Access approved

Small talk
Agnieszka Karwala, a senior project manager at Skanska Residential, tells us how she helped to pioneer access certification for residential projects in Poland and details the various features an accessible building should have

How come you were the first person to insist on the need for resi-projects to be Buildings Without Barriers certified?

Agnieszka Karwala, senior project manager, Skanska residential: It was in 2016, when I was working on our Holm House project in Warsaw’s Mokotów district. At that time, the access to public and commercial space was already being discussed, but I made the point that after work we all go home to residential estates, where we shouldn’t have to navigate any barriers either. That’s when the idea was born to submit residential buildings for certification. Nowadays, this seems obvious, but eight years ago it was a pioneering approach. Working together with the Integracja foundation, we set out the required standards. We submitted our project for assessment, we identified what needed to be improved, and we implemented novel solutions. Holm House was delivered in 2018 and was the first residential building to obtain a Buildings Without Barriers (OBB) certificate.

Have you certified all your projects?

More or less, but there have been developments that we’re not going to certify while still trying to meet OBB standards. This is because estates are sometimes built on sites where the terms of the urban plan make certification impossible. There are also projects like this that we are building now, because these are multi-stage and we received the building permits for them before we began certifying our buildings. Nevertheless, all of the projects we now launch are based on these standards and we try to certify each one of them.

What does the term ‘access’ encompass?

This requires a complicated answer because we measure access in different ways. When it comes to people with physical disabilities, the first thing that comes to mind is someone in a wheelchair. However, physical impairment can take many different forms. When we first started consulting physically disabled people, they took us for a walk around the city so we could see how people with different disabilities see space, such as the visually impaired. This was an eye-opening experience. For the blind and the visually impaired, distances, contrast, textures and even the light intensity are important, all of which have an impact on the perception of space. We can therefore sum this up by stating that access means adapting a building to meet the needs of all users, including those with mobility issues or other impairments, along with children and the elderly.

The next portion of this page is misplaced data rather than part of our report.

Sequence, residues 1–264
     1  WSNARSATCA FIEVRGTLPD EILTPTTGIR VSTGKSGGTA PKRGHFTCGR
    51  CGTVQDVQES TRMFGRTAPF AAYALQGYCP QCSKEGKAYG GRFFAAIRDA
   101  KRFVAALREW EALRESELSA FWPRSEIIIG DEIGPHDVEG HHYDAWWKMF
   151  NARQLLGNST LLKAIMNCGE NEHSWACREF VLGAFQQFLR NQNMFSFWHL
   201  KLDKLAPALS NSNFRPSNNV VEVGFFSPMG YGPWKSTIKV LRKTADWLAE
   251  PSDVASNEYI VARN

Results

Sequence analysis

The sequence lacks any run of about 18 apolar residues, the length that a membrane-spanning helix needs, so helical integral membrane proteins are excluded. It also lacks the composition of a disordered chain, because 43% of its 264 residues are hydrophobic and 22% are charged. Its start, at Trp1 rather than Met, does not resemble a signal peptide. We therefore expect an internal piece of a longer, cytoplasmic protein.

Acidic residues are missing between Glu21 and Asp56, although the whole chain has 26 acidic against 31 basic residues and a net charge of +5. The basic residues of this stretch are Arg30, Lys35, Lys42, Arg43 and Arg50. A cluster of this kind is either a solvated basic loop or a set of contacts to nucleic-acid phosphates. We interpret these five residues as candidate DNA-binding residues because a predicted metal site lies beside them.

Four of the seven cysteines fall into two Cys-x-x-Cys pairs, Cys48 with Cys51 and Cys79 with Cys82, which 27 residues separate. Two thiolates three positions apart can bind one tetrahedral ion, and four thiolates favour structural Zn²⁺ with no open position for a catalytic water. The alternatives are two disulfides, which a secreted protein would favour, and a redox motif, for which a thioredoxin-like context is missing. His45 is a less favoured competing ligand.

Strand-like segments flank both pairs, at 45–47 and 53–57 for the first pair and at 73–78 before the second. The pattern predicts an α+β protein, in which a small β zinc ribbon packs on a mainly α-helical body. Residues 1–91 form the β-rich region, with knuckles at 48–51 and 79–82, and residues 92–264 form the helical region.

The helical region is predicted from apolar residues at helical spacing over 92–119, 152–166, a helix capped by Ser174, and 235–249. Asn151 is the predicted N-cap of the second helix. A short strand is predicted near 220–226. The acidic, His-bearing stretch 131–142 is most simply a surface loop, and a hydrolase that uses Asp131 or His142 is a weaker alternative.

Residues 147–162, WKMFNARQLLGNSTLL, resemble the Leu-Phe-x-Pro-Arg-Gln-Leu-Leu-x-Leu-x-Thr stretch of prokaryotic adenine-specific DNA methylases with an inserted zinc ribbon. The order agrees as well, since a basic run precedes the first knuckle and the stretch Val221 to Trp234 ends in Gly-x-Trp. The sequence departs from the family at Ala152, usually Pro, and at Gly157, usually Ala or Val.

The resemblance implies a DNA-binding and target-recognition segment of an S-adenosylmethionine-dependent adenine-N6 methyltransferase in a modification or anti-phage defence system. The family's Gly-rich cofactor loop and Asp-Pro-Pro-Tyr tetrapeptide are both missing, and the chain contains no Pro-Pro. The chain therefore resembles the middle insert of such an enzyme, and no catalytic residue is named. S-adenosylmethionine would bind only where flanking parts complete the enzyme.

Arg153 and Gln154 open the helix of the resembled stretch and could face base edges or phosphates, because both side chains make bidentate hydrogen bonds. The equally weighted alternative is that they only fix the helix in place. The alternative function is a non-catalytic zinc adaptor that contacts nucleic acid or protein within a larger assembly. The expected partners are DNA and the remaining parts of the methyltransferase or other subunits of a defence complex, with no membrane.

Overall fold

By how much does ensuring such access add to the development costs?

Unfortunately, adapting an already existing building can be costly. But if we take such decisions early enough and our designs take into account certain values and goals, then it’s certainly much easier. The costs are then viewed in a totally different way. That’s why we don’t consider doing eventual modifications but instead design buildings that way from the outset to meet the certification requirements. I believe that we have already set a certain standard for our designers. We make some basic demands of our architects and they think about the building from the beginning with our guidelines in mind. The value of such a development is certainly higher than that of a standard building that isn’t designed in such a way. Those buying a new home think long-term about their parents growing old or their children growing up, and they will find it much easier to use the space of the estate thanks to our solutions. We don’t approach the issue of access strictly from a cost point of view. We construct buildings that will continue to exist and be used for many years, so it’s extremely important and responsible to build them with inclusiveness in mind.

Is developing an accessible estate more about pleasing investors than about any legal regulations?

The regulations only set certain guidelines. The basic requirements are laid out in construction law, which directly references the New York Convention on the Rights of Persons with Disabilities (CRPD), while more specific regulations can be found in the technical requirements. Unfortunately, many of these regulations are only general in nature. For example, when it says that a building should contain apartments for the disabled, there are no concrete guidelines for this – not even when it comes to how many there should be.

What above-standard solutions feature in your developments?

We submit each of our buildings that we certify to an auditor at the design stage and certify them again just before they are handed over for use. They are then analysed according to different criteria. For instance, the regulations state that we should use doors with widths of 90 cm, while the entrances should not have steps but ramps with appropriate railings and grips. These are all obvious measures, but we try to do more. We place benches with armrests in the common space so that it’s easier for the elderly to stand up. We use door handles with grips that are easier for both children and the elderly to use. We also check how heavy the doors are so that they are easier for such people to open. We examine the visual contrasts in the common areas and also check that such fittings as the intercoms, switches and window handles are at a suitable height. It’s also very important that the entrances to terraces and balconies don’t have steps.

So, what’s the access like on your estate?

In my neighbourhood the situation is rather good. I live in an older building, but it has entrance ramps and an elevator platform. I moved to Warsaw from Kraków and I’d say that other cities need to do more to catch up with what’s happening here.

Interview: Anna Zamyłka